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Editions

Docklander - February 2017

31 Jan 2017

Docklander - February 2017 Image

30 years later, Jaison returns to Docklands

By Shane Scanlan

There are not many Docklanders who can describe living here in the mid-1980s. Jaison Hoernel was a schoolboy when he lived here on his parents’ boat and has very mixed memories of the experience.

On the one hand, it was pure adventure: Rowing upstream to see Moomba; climbing into the frames of the Yarra’s bridges; walking up past Gordon House, the Painters and Dockers headquarters up to Flinders St to catch a tram to school.

“Sometimes I’d go (to school), sometimes I wouldn’t,” Mr Hoernel laughed.

On the other hand, there was the raw experience of his parents’ separation which ended with his mother travelling north for further sailing adventures and his father sailing across two oceans back to New York.

Jaison stayed behind (he thinks because of a relationship with a girl, but can’t exactly remember) and is now the CEO of Docklands-based social enterprise Good Cycles.

His father brought his young family to Melbourne in 1978. Armed with a John Hopkins University doctorate, he taught Latin American history at LaTrobe University.

But the classroom was not a good fit for a dreamer like Bob Hoernel. His self-published book Intuition: An Aquarian Adventure reveals an independent soul – perhaps reflective of the peacenik generation.

On the collection of boats at South Wharf, Mr Hoernel senior wrote: “Their premature launching often resulted from having been served with an eviction notice. South Wharf became a sort of sanctuary, a last resort, for those builders who remained determined. We paid only a pepper-corn rent for mooring, but had very insecure tenure. Looking back, there were too many broken dreams, broken marriages, broken hearts and broken people.”

The semi-official title for the collective was the Cruising Boat Owners’ Association. Less formal is Jaison’s recollection of a bunch of fiercely independent squatters intent on getting their boats ship-shape so they could sail the world’s oceans for the rest of their days. “Very few boats ever made it out into the open water,” he said.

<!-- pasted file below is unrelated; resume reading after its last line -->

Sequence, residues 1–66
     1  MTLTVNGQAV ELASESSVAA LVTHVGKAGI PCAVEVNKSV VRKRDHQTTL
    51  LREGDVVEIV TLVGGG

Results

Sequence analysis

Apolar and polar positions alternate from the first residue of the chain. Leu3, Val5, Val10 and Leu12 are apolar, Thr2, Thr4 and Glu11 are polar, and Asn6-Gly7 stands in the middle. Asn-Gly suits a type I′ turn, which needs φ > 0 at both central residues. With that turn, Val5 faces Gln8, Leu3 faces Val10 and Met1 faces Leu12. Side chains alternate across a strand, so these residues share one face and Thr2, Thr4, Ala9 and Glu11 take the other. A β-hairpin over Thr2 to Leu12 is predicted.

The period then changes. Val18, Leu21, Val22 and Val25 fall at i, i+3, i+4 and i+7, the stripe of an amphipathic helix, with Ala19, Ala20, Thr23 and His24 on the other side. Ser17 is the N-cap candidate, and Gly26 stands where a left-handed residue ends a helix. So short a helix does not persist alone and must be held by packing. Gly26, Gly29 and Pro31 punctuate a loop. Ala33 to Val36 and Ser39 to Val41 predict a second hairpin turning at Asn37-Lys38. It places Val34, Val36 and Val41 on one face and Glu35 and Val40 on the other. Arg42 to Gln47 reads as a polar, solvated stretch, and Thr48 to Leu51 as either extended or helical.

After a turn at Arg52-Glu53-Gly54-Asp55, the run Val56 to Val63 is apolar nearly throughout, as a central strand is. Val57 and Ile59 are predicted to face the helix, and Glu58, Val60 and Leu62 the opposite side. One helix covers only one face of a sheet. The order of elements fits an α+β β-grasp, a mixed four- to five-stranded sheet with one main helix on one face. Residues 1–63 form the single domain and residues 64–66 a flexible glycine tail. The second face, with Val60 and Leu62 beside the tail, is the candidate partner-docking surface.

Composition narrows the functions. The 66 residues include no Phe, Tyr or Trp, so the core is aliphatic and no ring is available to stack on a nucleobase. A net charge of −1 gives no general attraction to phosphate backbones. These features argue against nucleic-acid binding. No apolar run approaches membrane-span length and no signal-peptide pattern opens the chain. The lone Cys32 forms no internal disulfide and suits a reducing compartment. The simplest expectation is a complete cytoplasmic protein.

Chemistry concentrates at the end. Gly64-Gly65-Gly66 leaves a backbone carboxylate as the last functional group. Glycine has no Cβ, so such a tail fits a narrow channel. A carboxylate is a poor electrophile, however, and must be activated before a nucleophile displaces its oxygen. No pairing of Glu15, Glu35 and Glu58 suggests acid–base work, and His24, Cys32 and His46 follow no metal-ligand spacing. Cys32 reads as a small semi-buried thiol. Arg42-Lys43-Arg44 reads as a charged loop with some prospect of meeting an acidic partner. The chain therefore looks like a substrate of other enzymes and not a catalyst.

Jaison spent his Balwyn High School years 9, 10 and 11 living on the boat among the eclectic community of dreamers and drifters.

He credits an experience outside the pinball parlour on the corner of Flinders and Spencer streets with starting his vocational interest in charity work.

“A homeless guy asked me for a dollar. I said I only had a five dollar note. He said he’d give me change when I got back from school. I didn’t see him again!” Mr Hoernel said.

And living on a boat wasn’t exactly the romantic paradise that you might imagine.

“Everything smelt like diesel. The water tasted like fibreglass. There was damp and mould and, in the morning, condensation would drip on your face,” he said.

He described his “quarter berth” sleeping place akin to sliding into a coffin and, when he wasn’t in it, it was used to store his cello.

There was, however, plenty of community. He recalls the gatherings around the steel council barbecue when the kindred spirits would connect with conversation and booze.

He recalled: “A man with a boat was the constant. The variable in the equation were the wives. The dogs were more of a constant than the women,” he said.

The experience has taught him to see through the supposed romance of sailing around the beautiful parts of the world.

“You know that there is certainly another side to that life,” he said.

On Docklands, he reflects on the gentrification and other changes and, while acknowledging that it’s lost some of its flavour, he’s not necessarily nostalgic for its rough and ready past.

“In some ways, it hasn’t changed too much,” he said. “It’s still experimental and separate from the rest of the city.”

“I think there are still people moving into Docklands because they are trying to find something different and new.”

“Docklands makes no promises … it’s got a lot going for it,” he said.

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